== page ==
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One of the most important swimming coaches in U.S. Olympic history never really learned how to swim.
Soichi Sakamoto, who died in 1997 at the age of 91, was a sixth-grade science teacher in Hawaii when he formed the Three-Year Swim Club in 1937 for approximately 100 children of impoverished local sugar plantation workers.
"They had no bathing suits, very little food," Julie Checkoway, author of “The Three-Year Swim Club: The Untold Story of Maui’s Sugar Ditch Kids and Their Quest for Olympic Glory,” told NBC News.
Inspired by the great Hawaiian swimmers of the past like Duke Kahanamoku and previous, smaller-scale success, Sakamoto promised the children that with three years of his rigorous, never-before-seen training, the best of them would represent the United States in the 1940 Olympics.
"He knew nothing about mainstream swimming techniques," Checkoway said. "He used intuition and the scientific method."
For example, Sakamoto invented interval training in swimming. Inspired by Nordic track-and-field trainers, Sakamoto deduced that cardiovascular performance improved when swimmers alternated between going hard and fast, then slow and deliberately.
Without a pool, Sakamoto's charges swam upstream in irrigation ditches, which built up their resistance training.
"That was an intuitive thing," Checkoway noted. "But it ended up being one of the most scientifically important training methods.”
Sakamoto also emphasized land training more than other swimming coaches. "Their land training included running alongside his car up a hill," Checkoway said laughing.
There was no scientific swimming coaching prior to Sakomoto. ... Because he was a science teacher, he used inductive reasoning. He was the best of what coaches were to become in the 20th century.
The results were instantaneous. Teenagers Halo Hirose and Keo Nakama were both runners-up in their mainland debut, the 1938 Men's Outdoor National Swimming Meet at the University of Louisville. By the next year, they were both national champions. Sakamoto had estimated to the media that five of his proteges — Hirose, Nakama, Jose Balmores, Bill Smith and Fujiko Katsutani — would have qualified for the 1940 Olympics.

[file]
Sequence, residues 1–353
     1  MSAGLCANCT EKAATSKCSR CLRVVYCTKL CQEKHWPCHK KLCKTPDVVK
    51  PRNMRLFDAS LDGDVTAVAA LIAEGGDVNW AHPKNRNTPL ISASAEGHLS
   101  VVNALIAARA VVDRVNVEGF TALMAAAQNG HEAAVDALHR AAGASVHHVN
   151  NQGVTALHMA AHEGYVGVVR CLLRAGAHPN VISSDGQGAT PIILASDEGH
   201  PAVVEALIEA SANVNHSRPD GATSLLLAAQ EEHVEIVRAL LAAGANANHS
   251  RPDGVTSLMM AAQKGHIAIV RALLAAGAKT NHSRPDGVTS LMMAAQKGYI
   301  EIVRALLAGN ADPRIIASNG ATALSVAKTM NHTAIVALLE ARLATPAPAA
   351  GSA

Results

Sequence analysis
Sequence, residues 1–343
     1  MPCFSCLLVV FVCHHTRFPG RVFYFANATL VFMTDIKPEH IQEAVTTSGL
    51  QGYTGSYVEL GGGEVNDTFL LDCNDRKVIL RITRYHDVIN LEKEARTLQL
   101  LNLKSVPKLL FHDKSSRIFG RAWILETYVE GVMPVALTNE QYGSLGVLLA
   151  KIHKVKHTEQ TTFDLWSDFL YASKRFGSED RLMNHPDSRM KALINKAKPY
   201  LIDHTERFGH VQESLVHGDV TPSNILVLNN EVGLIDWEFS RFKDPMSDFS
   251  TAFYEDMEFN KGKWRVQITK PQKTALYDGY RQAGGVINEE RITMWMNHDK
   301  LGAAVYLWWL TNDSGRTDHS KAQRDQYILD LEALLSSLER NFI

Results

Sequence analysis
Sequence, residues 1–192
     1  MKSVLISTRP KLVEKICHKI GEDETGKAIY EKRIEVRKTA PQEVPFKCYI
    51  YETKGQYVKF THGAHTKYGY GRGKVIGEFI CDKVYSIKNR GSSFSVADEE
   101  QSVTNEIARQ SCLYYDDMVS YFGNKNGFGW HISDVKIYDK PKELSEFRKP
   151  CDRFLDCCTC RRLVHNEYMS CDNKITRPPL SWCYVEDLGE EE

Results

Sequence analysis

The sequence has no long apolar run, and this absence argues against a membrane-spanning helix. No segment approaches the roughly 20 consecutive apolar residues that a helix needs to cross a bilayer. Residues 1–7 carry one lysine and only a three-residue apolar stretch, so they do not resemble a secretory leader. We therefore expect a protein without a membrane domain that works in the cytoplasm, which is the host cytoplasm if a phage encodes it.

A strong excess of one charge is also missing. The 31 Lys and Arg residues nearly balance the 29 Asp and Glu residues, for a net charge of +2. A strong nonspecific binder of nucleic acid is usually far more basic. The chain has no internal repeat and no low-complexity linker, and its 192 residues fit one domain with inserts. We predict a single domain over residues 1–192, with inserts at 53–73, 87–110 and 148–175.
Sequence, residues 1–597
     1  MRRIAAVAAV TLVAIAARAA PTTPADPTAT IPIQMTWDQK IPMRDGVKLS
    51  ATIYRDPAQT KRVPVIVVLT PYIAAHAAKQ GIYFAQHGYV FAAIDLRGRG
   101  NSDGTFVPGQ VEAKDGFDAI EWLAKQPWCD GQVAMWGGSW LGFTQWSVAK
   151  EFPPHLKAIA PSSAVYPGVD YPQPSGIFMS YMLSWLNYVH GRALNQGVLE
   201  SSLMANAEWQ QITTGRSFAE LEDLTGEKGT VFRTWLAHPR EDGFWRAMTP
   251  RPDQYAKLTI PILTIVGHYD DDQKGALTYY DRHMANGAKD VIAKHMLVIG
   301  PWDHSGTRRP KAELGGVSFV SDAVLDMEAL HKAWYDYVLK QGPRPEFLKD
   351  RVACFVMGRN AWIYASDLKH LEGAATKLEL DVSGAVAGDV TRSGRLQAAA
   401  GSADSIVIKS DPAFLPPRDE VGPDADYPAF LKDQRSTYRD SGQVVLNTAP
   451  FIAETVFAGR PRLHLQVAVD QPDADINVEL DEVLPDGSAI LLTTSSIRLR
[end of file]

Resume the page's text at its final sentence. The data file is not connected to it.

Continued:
But a close-minded swimming community was slow to credit Sakamoto, Checkoway said.
"What was that voodoo he's doing? Witch doctoring?” Checkoway said of the way the rest of the community viewed his techniques. “Very Orientalist thinking. Caucasians tended to discount it until they saw clearly what the results were."
Fellow Hawaiian Kahanamoku helped. "Kahanamoku served as kind of an ambassador for Sakomoto in the U.S.," Checkoway noted. "He introduced Sakomoto to people, gave him a lot of credibility with a lot of people."
It didn't take long for other swimmers to catch on.
Checkoway noted that swimmers would come to Hawaii in the summer to train.
But because of World War II, there were no Olympics in 1940 and 1944. Sakamoto’s pupils were robbed of once-in-a-lifetime opportunities to win a gold medal. Instead, Hirose, Nakama, Balmores and Smith served.
But Sakamoto kept going against the current. Smith, after seeing Sakamoto's early successes, moved to Maui to train exclusively with the non-traditional coach. Smith would win two gold medals at the 1948 London Olympics.
His success now undeniable, Sakamoto was an assistant coach for the U.S. Olympic Swim Team from 1952 to 56. Another of his proteges, Evelyn Kawamoto, took two bronze medals at the 1952 Olympics. “He coached her all the way to the Olympics,” Checkoway said.
He also served as University of Hawaii swimming coach from 1946 to 1961 and is a member of the International Swimming Hall of Fame, the University of Hawaii at Manoa Hall of Fame, and the Hawaii Sports Hall of Fame.
"There was no scientific swimming coaching prior to Sakomoto. Everything was intuitive before Sakomoto," Checkoway said. "Because he was a science teacher, he used inductive reasoning. He was the best of what coaches were to become in the 20th century."
She added, "He was doing stuff that nobody did in the mainland. Nobody did in Australia. Nobody did in England. It was revolutionary."
CORRECTION (May 21, 2019, 3:10 p.m. ET): An earlier version of this article incorrectly suggested that author Julie Checkoway had spoken to Soichi Sakamoto She did not; Checkoway was citing interviews Sakamoto gave to other media outlets.